I have a couple such friends. One man had been my friend for 20 years, and I don't think we even once had a deep 'heart to heart" discussion, and we actually saw each other fairly infrequently. Yet, I am sure we both knew the bond that existed between us. When I lost my job, he was there immediately, and his being there was the totally natural thing to do, given the unspoken bond that had developed between us over the years. Several years later when he was in some serious trouble of a very personal nature, I was there beside him. Years had formed a trust which made honesty and vulnerability safe even though words had never acknowledged such a trust.
As everyone knows, women relate quite differently, both because they tend to be more adept verbally, and because of an inner 'knowing' that enables them to understand others at a deep level much more readily than men can. Thus, when a woman is starved for relationships it may behoove her to consciously constrain herself rather than to rush into a relationship with great expectations. Such expectations are seldom realized and often frighten the other person away. We see this over and over again in our ministry.
In our ministry to homosexual overcomers, in stressing too much -- and too early -- the need for intimacy, we frequently set men up for something they are not ready to face, and we push women into something they can't handle. Let's back off a little.
Now, let's discuss what isolates people. What are the things we must overcome in order to be able to enter into relationships with people that will meet our human need to relate and connect?
The first, I think is ignorance. We simply don't know how important relationships are, or we set our eyes on marriage or some kind of profound intimacy and overlook our simple need for human contact. I have found that when I start to drift into isolation, doing something fun with people I like brings me out of it better than anything else - certainly better than introspection about why I am feeling cut off.
Recently, I was going through a period of feeling cut off from other people. One evening my son prevailed upon me and the other members of our household to play a game of Tripoli. I am not really fond of Tripoli, but after an evening of sitting around a table laughing and teasing one another, I came away totally refreshed. I can't explain what happened, but neither can I explain what happens to my body when I eat my cereal in the morning. I have no idea what riboflavin and niacin do for my body, but I trust the experts that I need them. I also trust that being with other people -- even to play Tripoli -- somehow nourishes my soul.
Christians, especially, may have a problem with putting too much emphasis on what they do with other people as opposed to simply being with other people whom they like.
Homosexuality grows out of our responses either to unmet needs early in life or to trauma of some sort -- often abuse. Essentially, these responses are defensive. "You will not hurt me again." or "I will meet my own needs." We do not condemn the child for responding this way; perhaps it was the only way he or she could survive. But when these responses become our way of relating to the world they are wrong; they are sinful. Also, they isolate us.
Most of the time it is our wall of self that isolates us from other people, a wall that we have erected and only we can dismantle. It can take several forms.
Self-protection isolates us. Ultimately, it is the wall against intimacy which says, "If anyone gets close they will hurt me.' But it also is often a wall against any kind of relationship. No one will ever reject you if you don't try to relate to anyone. You will never be humiliated if you never venture out to do anything.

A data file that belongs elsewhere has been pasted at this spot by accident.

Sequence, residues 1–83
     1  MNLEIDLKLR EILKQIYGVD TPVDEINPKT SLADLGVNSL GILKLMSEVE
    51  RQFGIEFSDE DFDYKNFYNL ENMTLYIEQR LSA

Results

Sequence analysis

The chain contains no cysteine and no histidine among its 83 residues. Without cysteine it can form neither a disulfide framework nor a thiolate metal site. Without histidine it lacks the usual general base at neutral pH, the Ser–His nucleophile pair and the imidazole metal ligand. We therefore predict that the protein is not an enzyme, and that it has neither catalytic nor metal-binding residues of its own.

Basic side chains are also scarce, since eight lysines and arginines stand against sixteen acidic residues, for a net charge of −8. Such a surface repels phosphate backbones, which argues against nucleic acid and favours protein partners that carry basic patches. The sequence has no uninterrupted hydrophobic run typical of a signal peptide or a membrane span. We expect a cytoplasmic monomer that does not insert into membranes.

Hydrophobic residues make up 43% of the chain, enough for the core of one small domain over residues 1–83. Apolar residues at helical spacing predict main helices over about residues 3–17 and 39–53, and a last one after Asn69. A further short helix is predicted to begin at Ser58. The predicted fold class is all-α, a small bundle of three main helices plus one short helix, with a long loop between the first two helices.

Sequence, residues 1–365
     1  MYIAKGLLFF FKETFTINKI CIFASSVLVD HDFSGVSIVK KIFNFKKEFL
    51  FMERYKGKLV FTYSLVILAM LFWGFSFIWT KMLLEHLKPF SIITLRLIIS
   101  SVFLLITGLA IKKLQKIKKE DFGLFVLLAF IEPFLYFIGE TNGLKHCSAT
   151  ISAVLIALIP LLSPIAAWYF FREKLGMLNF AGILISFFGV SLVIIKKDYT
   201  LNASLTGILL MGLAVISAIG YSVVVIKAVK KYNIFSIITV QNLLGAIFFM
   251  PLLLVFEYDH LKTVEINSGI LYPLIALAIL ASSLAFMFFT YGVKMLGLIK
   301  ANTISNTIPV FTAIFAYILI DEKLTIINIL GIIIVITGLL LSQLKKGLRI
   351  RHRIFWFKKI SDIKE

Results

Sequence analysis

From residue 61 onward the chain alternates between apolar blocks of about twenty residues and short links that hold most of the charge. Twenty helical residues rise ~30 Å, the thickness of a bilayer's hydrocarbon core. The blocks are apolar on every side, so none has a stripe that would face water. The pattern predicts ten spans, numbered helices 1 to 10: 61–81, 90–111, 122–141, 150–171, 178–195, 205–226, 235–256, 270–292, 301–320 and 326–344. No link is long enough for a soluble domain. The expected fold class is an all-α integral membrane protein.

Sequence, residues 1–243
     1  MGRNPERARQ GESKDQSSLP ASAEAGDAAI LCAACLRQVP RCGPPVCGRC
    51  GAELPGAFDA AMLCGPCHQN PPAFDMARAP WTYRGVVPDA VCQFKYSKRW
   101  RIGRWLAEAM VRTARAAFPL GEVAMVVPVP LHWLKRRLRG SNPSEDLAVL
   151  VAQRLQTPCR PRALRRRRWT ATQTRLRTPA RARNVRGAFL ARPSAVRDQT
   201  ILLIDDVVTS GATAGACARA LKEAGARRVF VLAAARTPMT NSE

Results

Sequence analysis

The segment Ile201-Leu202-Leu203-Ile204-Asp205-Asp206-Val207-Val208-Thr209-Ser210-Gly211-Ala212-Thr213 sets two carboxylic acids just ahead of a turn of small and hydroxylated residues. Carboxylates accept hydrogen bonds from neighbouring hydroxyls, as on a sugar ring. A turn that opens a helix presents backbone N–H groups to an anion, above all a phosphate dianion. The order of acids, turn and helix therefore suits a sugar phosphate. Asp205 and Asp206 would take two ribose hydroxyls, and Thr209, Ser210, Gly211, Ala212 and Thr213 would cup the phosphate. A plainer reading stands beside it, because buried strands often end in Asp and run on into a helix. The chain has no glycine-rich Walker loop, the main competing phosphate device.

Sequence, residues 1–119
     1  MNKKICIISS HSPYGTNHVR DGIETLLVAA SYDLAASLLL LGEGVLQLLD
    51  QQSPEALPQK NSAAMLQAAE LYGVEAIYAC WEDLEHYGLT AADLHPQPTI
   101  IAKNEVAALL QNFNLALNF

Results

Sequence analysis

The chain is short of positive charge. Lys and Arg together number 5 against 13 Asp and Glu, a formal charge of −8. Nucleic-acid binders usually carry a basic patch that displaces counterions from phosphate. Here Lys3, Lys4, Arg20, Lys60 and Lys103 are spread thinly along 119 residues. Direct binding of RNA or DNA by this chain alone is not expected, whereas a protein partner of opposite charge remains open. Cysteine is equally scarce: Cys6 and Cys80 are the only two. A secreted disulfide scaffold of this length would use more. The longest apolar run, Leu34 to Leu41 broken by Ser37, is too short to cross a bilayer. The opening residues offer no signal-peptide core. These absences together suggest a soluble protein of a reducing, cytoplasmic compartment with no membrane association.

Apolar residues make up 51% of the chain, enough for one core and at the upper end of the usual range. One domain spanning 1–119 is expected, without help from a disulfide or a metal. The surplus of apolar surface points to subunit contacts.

Self-centeredness isolates us. The belief that meeting my needs is so important that all else must take second place is a sure-fire barrier to relationships. The fact is that most of us don't really know what our needs are. Those who drift from church to church because they can't find one that "feeds them" are likely starving to death for lack of relationships. Thinking that their real need is for exciting worship, great preaching or a dynamic singles group, they never stay anywhere long enough to form truly nourishing relationships.
Self-pity, which often follows the other two "selfs" is perhaps the most isolating of all. My emotional pain is the fault of others -- or of God. The sheer unattractiveness of self-pity often assures isolation for the person trapped in it. Who wants to be friends with a black hole?
Self-protection, self-centeredness, and self-pity are all sinful ways of relating to the world. They are sinful because they place us at the center of the universe, and for the Christian they are sinful because they are rooted in a fear that we must be our own protector - God is not sufficient.
The critical step then in tearing down the wall is repentance. We acknowledge to God that our self-protection, our self-centeredness, our self-pity have been wrong ways of coping with life. We must be willing to trust Him as we step out and try to live according to the nature He gave us as relational creatures.
This is a fearsome step for the truly isolated. But it need not be a huge step. It is not a leap over the wall into true intimacy. It is the removal of one stone at a time, to let other people start to enter my life in little ways. It is to try and enjoy another person in the simplest way.
After creating Adam, God declared, "It is not good for man to be alone." Although God's best solution to man's aloneness was to create woman, God was not saying simply that it was not good for man to be without a wife. Clearly, God was expressing man's and woman's need to be in relationship with others as well as one another. His creating the family, His endowing us with differing gifts, the fact that many more things can be done together with others than can be done alone, all indicated that God wanted us to be in a variety of relationships, aside from marriage.
God has given us a means of meeting our immediate intimacy need -- a glorious intimate relationship with His Son.
Meanwhile, we can break out of our isolation from other people if we simply start to seek friendships. They may be slowly nurtured and often difficult, but ultimately they are life-giving. They may lead to true intimacy or they may not, but in the end they will surely be fulfilling for us as relational creatures.
Copyright © 1993 Regeneration, Inc. All rights reserved. Reprinted with permission from Regeneration News.